Historic City of Toledo
Toledo (English /tɵˈliːdoʊ/ tə-lee-doh; Spanish: [toˈleðo]; Latin: Toletum, Arabic: طليطلة, DIN: Ṭulayṭulah) is a municipality located in central Spain, 70 km south of Madrid. It is the capital of the province of Toledo and the autonomous community of Castile–La Mancha. It was declared a World Heritage Site by UNESCO in 1986 for its extensive cultural and monumental heritage and historical co-existence of Christian, Muslim and Jewish cultures.
Toledo is known as the “Imperial City” for having been the main venue of the court of Charles I, and as the “City of the Three Cultures”, having been influenced by a historical co-existence of Christians, Muslims and Jews. In 1085, the city fell to Alfonso VI of Castile as the first major city in the Christian Reconquista. Toledo has a history in the production of bladed weapons, which are now popular souvenirs of the city.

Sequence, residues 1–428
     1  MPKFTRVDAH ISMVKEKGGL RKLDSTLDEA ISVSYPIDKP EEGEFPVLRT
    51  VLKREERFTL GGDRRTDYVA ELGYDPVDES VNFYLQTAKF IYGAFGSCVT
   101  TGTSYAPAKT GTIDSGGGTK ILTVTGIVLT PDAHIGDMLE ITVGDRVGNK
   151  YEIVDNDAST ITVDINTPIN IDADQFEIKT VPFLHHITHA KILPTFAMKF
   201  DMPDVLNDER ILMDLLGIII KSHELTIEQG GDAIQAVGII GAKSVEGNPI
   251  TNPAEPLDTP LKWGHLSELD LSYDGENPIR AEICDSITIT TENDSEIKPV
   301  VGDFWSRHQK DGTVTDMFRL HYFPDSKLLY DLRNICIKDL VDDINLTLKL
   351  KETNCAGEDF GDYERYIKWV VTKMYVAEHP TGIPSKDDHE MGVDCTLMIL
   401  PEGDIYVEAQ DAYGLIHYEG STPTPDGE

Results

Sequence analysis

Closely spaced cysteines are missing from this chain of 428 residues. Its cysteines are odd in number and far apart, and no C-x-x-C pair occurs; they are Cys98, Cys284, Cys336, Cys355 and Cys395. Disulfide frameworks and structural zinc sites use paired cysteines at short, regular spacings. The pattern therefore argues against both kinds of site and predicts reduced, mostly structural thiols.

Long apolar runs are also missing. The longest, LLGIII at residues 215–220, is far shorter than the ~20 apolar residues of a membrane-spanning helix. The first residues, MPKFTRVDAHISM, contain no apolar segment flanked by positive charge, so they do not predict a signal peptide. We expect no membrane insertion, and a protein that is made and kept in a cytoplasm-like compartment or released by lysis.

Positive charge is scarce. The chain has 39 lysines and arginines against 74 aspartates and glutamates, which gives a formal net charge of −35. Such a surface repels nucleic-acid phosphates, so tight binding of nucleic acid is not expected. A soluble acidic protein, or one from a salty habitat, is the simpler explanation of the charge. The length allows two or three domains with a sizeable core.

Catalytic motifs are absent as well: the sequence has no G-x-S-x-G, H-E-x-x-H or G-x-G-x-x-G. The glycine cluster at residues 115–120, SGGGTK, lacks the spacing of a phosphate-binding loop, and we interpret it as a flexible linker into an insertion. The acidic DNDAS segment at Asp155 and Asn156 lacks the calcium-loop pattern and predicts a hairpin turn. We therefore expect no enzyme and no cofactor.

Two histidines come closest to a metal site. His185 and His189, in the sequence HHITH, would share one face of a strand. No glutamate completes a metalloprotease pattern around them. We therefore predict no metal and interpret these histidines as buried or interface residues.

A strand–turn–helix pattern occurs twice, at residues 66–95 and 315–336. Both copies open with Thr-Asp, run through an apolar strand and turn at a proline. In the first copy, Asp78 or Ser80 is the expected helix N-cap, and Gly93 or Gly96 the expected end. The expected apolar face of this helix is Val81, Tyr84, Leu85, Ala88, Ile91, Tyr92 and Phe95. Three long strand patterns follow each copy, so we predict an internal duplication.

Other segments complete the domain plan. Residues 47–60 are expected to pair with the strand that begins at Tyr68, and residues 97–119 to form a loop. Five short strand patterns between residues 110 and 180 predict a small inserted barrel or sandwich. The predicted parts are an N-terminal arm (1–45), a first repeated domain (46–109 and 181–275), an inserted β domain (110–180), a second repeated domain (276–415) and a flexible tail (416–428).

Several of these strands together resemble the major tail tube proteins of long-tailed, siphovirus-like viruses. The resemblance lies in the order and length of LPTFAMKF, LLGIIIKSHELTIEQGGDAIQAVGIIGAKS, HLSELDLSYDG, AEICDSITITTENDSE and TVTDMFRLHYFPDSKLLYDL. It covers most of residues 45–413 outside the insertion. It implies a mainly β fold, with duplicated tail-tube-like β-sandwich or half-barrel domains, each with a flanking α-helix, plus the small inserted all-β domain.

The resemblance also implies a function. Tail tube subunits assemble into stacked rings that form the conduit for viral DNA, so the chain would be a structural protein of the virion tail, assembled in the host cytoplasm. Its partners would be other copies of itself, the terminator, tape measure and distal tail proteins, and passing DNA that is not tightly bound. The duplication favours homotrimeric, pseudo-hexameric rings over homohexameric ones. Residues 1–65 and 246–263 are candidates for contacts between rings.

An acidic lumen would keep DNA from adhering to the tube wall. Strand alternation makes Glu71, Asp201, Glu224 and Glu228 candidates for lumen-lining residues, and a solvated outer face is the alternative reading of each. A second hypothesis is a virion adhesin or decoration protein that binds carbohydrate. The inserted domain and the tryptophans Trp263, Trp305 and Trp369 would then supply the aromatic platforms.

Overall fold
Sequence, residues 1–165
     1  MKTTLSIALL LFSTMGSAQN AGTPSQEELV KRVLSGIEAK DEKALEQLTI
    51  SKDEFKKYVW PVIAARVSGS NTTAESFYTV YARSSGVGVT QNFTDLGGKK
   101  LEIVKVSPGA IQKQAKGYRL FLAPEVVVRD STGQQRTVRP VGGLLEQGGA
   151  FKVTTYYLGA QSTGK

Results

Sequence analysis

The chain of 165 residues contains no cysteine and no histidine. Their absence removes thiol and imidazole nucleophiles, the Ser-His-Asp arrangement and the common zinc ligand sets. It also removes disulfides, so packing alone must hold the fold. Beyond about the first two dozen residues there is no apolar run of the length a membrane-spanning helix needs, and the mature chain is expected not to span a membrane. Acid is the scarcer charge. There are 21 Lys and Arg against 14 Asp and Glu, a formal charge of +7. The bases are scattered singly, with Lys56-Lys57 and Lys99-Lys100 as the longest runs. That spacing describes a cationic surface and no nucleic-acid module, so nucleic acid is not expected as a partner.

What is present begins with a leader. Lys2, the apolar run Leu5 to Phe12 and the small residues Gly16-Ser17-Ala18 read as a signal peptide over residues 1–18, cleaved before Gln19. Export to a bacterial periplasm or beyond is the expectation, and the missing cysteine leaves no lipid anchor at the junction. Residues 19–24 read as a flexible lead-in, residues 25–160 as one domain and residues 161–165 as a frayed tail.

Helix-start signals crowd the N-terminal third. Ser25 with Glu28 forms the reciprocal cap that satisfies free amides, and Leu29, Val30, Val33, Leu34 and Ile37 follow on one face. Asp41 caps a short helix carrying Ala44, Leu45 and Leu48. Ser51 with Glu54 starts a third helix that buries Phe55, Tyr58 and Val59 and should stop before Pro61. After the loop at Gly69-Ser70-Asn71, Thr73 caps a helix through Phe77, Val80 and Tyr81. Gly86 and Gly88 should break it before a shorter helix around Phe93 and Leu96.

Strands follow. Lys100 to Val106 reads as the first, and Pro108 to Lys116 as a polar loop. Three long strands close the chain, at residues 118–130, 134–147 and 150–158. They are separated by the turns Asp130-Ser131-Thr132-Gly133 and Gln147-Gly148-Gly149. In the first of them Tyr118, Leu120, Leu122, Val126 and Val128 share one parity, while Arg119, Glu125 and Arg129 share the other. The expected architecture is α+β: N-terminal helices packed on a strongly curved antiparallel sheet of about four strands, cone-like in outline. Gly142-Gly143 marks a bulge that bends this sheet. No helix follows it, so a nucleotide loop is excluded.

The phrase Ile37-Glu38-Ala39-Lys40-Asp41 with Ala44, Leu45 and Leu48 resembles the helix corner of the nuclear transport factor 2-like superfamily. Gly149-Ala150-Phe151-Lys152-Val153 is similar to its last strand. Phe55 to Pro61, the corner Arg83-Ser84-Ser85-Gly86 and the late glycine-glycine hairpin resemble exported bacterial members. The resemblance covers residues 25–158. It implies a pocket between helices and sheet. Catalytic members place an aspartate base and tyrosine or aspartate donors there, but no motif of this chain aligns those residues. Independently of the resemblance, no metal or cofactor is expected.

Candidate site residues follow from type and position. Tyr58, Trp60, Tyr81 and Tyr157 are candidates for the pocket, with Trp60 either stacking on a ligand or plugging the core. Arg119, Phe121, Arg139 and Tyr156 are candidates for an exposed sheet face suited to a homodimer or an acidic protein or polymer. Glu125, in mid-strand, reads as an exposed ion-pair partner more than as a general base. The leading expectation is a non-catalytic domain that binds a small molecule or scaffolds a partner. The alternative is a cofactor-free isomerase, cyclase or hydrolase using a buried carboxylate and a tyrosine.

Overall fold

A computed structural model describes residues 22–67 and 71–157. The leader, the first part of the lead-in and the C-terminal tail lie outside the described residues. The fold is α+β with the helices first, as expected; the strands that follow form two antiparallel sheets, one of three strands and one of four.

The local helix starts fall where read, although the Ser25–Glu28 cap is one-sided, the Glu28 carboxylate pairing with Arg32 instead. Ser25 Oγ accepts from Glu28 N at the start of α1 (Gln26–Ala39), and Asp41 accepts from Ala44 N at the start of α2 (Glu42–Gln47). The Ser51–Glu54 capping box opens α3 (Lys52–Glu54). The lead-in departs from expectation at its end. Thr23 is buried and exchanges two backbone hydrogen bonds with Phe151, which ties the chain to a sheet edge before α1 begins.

People who were born or have lived in Toledo include Al-Zarqali, Garcilaso de la Vega, Eleanor of Toledo, Alfonso X and El Greco. It was also the place of important historic events such as the Visigothic Councils of Toledo. As of 2012, the city has a population of 84,019 and an area of 232.1 km2 (89.6 sq mi).
- Toledo (English /tɵˈliːdoʊ/ tə-lee-doh; Spanish: [toˈleðo]; Latin: Toletum, Arabic: طليطلة, DIN: Ṭulayṭulah) is a municipality located in central Spain, 70 km south of Madrid.